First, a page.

Written by Philippe Orlando, Personal Trainer
We’ve all heard the old expression – “no pain, no gain.” Some in my industry believe it is taboo. We should never say that because it’s too intimidating and clients won’t want to train with us; or it’s too risky – you might get sued if your client gets an injury and you had conveyed a message that contributed to him overdoing it. Some people call me a bit of a hard-ass, which is not my intention; but I do want to be a realist. Don’t get me wrong, I’m not the drill sergeant personal trainer who yells “no pain, no gain” in his client’s faces. But there is no question that intense exercise (for those who can do it safely) is far more effective than easy exercise, and yes – intense exercise can cause some temporary discomfort or “pain.”
I try to recognize, at all times, the fleeting, unstable and temporal nature of everything I do and feel. What I have today might be gone tomorrow. This is true for my job, objects I value, and certainly for my body and what it can do at a particular time, including pain or discomfort from exercise. I transform the discomfort I feel into another experience – me functioning at a higher level.
While it is in our nature to feel a sense of permanence in almost every area of our life, including our bodily experiences, this is an illusion. We are all being fooled by the relatively long span of human life and our seeming ability to repeat any kind of experience forever. We really don’t have this ability. We are fooled by our ability to function for a long time in a very comfortable state. But if we never push beyond our comfort zone, we are actually just avoiding landmarks needed to realize that we are indeed declining – wasting away, slowly, unnoticeably, but surely nonetheless. If all you do is sit at a desk all day, you will never feel that the ability to sit at a desk is slipping away. You will always be able to sit at a desk. It’s only at a more extreme degree of function that you can become aware of your fleeting abilities. Talk to a 60 year old who has enjoyed running his entire life. He knows that at 18 he was able to run a four minute mile. He is certainly more aware of the temporal and fleeting nature of the human physical experience than someone who never ran at 18 and does not run today. If you have no landmark, you won’t see where you are, where you were, and where you are going. Exercise is an awareness and an assessment tool; a check of “where am I today?”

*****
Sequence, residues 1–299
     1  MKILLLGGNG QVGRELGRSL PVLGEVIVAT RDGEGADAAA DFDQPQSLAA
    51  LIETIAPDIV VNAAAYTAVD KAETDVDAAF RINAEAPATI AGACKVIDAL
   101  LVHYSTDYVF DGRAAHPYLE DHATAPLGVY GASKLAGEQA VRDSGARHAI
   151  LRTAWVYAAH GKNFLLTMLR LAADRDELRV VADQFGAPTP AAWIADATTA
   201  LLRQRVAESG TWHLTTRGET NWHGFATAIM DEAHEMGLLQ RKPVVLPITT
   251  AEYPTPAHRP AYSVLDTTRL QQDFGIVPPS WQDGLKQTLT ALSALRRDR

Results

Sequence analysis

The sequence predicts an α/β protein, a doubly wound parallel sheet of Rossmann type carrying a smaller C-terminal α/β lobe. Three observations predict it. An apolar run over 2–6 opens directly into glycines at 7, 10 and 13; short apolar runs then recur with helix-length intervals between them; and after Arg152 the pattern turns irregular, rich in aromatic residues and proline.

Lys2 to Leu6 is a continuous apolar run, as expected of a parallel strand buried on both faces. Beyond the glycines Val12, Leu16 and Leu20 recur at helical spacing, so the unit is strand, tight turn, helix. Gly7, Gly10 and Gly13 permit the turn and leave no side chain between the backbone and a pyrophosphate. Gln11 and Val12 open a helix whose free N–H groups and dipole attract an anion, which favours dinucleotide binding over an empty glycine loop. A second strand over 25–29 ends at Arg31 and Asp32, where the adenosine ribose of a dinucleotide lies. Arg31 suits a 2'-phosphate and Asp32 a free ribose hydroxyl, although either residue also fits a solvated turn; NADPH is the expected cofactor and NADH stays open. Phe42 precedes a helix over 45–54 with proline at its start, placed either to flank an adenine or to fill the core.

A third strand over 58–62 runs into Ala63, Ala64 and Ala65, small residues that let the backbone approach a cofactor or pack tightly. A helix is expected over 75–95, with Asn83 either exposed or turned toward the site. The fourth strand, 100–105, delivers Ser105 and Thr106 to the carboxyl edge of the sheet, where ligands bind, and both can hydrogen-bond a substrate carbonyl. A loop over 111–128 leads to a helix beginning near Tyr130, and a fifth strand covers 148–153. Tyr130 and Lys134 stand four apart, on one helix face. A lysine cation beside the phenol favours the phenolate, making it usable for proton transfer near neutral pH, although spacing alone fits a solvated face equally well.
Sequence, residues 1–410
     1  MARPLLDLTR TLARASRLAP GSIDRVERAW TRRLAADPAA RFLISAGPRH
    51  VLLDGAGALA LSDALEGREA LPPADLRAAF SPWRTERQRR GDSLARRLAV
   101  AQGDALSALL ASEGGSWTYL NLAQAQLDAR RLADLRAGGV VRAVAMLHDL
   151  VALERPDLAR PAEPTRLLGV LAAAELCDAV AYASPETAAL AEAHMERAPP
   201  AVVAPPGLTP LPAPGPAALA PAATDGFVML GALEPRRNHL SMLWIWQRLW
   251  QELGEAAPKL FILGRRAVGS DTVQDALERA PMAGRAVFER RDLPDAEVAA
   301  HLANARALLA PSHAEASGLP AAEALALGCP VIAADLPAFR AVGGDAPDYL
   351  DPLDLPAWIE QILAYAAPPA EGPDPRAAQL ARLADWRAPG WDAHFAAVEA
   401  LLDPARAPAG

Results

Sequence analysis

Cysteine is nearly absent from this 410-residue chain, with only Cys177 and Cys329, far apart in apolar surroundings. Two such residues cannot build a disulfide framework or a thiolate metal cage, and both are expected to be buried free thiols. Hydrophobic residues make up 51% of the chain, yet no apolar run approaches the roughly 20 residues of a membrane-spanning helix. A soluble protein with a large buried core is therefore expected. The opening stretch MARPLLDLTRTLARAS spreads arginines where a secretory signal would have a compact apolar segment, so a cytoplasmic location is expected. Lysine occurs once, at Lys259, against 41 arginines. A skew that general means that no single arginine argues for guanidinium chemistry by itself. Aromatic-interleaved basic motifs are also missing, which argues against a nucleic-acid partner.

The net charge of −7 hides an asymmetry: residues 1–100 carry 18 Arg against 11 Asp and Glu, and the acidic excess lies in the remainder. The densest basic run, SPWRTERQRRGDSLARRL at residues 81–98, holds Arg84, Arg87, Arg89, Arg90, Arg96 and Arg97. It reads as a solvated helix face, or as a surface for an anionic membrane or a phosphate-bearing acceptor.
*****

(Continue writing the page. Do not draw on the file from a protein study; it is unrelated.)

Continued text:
Every time you do something, consider that it could be the last time you do it. So the next time you exercise and you reach some uncomfortable limits, try to actually view this as another way of being in the present moment in a way that is specific to today and might not happen again…ever. When you push yourself, and start to feel the discomfort from your hard working muscles or lungs, try to cherish it! Embrace this discomfort as a form of active meditation. Unlike the more common passive meditation – comfortably resting and focusing on calm breathing; with this active meditation focus on what your body is feeling while you are pushing it beyond comfortable limits. Learn how to look inward at your biological machine in action. This is another form of awareness. This is mindfulness while functioning while under controlled stress. Be amazed! “Wow, I can do that! Yes, I feel the burn in my muscles, yes it’s hard to breath; this is very tough, but it’s me.” The more you observe the discomfort of intense exercise, the more you turn inward and try to appropriate the feeling, the more you’ll have control over it.
Life, too often, happens at one range of our natural spectrum – the pleasant one. We seek pleasure all the time and we think we deserve it. But discomfort is a part of the human experience and is what at the end of the day can make us better if we learn how to subject ourselves to it without apprehension, but rather with control and as something part of us. Discomfort is just our body telling us we are entering a zone we are not used to. Exercise physiologists will say that homeostasis is being disturbed and your body perceives this as a threat. Your mind must take over.
Pain is relative. A shift in mindset can help us put the discomfort of exercise into a new perspective; can make us more in tune with our bodies; can enable us to embrace what we feel; and ultimately can help us better experience, enhance and prolong our life.